Additional evidence in support of the efficacy of OPCs for ADHD comes from psychologist Dr. Steven Tenenbaum, who was diagnosed with ADHD as a child and lived with the disorder through adulthood. In addition to being a practicing clinical psychologist, Tenenbaum was an aviation enthusiast. Due to regulations of the Federal Aviation Administration, he was unable to utilize pharmaceutical treatments for his ADHD, and the use of stimulant drugs would cost him his pilot’s license. He therefore turned to alternative therapies, and in 1995, initiated a regimen of Pycnogenol three times daily (Carper, 1998). According to Tenenbaum, the results were impressive: with Pycnogenol, he reported increased attention, improved focus, decreased emotional volatility, and elevated mood. Without Pycnogenol, Tenenbaum reported that ADHD symptoms would return immediately.

Tenenbaum’s and Sigurdson’s results with Pycnogenol supplementation are by no means unusual: numerous case reports, documented and anecdotal, have recorded substantial improvements in attention and focus, decreased restlessness and aggression, and emotional resiliency in ADHD patients who have been administered OPCs, and add to the body of literature supporting Pycnogenol supplementation as an alternative treatment for ADHD. For example, the case of a 10-year-old boy with ADHD, having experienced only marginal success on a regimen of stimulant drugs, was successfully treated with Pycnogenol was described in a letter to the editor of the Journal of the American Academy of Child and Adolescent Psychiatry (Heimann, 1999). The boy’s parents noted significant improvements in his symptoms while the Pycnogenol regimen was maintained. When Pcynogenol was stopped, the boy experienced a significant exacerbation of ADHD symptoms.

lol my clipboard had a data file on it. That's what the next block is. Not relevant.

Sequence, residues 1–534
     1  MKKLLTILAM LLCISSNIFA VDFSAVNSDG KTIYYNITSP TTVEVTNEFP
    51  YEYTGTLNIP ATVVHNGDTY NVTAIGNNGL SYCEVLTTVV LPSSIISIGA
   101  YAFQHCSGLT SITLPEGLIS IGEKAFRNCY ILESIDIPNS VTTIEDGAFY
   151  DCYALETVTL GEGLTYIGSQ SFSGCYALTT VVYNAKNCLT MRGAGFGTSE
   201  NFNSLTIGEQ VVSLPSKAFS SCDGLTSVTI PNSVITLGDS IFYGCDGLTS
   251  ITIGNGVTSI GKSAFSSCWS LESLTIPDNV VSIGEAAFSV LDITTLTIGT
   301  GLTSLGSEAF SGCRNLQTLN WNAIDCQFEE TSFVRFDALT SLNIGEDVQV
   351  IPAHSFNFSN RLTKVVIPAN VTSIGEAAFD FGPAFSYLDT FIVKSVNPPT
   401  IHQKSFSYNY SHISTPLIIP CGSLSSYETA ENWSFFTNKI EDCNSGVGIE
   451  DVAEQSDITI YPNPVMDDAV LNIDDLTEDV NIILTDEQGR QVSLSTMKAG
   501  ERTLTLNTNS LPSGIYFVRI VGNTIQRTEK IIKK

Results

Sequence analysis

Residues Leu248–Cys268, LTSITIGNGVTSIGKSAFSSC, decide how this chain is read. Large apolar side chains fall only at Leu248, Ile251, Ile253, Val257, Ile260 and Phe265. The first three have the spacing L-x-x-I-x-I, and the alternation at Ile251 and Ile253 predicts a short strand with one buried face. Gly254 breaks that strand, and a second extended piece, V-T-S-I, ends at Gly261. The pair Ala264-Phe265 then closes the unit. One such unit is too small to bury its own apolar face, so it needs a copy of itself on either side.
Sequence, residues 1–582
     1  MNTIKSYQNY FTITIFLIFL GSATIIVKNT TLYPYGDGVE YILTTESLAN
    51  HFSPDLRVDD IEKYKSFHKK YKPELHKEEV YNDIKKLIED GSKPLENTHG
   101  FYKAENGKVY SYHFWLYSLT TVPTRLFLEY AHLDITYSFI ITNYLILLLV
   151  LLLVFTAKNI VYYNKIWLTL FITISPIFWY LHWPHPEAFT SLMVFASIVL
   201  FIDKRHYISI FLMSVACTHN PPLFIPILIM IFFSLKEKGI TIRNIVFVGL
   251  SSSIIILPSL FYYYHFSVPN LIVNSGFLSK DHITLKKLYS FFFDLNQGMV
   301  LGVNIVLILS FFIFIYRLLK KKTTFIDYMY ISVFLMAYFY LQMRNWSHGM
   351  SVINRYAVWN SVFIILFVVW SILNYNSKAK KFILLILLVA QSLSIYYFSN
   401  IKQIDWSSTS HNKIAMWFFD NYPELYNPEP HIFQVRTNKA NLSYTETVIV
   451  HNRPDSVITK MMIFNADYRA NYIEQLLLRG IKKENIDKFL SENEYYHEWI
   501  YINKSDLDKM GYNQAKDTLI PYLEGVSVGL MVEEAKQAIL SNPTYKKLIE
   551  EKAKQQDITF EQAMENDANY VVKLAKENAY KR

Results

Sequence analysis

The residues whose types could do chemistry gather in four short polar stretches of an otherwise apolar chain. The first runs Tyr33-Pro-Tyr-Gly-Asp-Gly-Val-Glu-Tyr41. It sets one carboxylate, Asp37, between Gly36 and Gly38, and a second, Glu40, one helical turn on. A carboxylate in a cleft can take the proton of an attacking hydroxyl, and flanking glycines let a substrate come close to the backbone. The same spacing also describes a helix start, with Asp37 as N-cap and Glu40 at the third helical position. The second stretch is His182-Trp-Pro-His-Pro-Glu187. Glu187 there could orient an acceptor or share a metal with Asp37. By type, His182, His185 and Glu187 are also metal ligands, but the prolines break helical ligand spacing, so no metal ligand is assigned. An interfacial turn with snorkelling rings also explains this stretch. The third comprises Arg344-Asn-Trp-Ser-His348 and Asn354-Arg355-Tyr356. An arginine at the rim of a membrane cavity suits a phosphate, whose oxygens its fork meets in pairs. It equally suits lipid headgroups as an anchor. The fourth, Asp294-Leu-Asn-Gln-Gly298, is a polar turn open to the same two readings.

The effects of OPCs have been tested in both ADHD patients and healthy, non-ADHD individuals, and the results from investigations into the latter are no less impressive than those of the former. For example, Luzzi et al. (2011) explored the effects of Pycnogenol on the cognitive abilities and emotional status of 53 healthy students aged 18–27. The students were tested before and after a regimen of Pycnogenol (100 mg/day) on measures of attention, memory, alertness, executive functioning, and mood, and showed significant improvements across-the-board after eight weeks of Pycnogenol supplementation. A more recent study from Exeter University (Bowtell, Aboo-Bakkar, Conway, Adlam, & Fulford, 2017) has documented the positive effects of drinking blueberry juice (rich in OPC flavonols) upon brain function in older adults. In this study, healthy participants aged 65–77 were randomly assigned to one of two experimental groups: members of the first group drank 30 ml/day of blueberry juice concentrate for 12 weeks, while members of the second group were  given a placebo. Before and after the 12-week period, participants underwent a battery of cognitive tests while an MRI scanner monitored their brain function and resting brain blood flow. Compared to the placebo group, those who took the blueberry supplement showed improvements in cognitive function, working memory, blood flow to the brain, and brain activation while carrying out cognitive tests. Finally, a noteworthy study from the University of Reading examined the effects of blueberry extract consumption on cognition in children, and found that every measure of mental ability, including memory, improved in those children who drank blueberry extract (Whyte & Williams, 2015).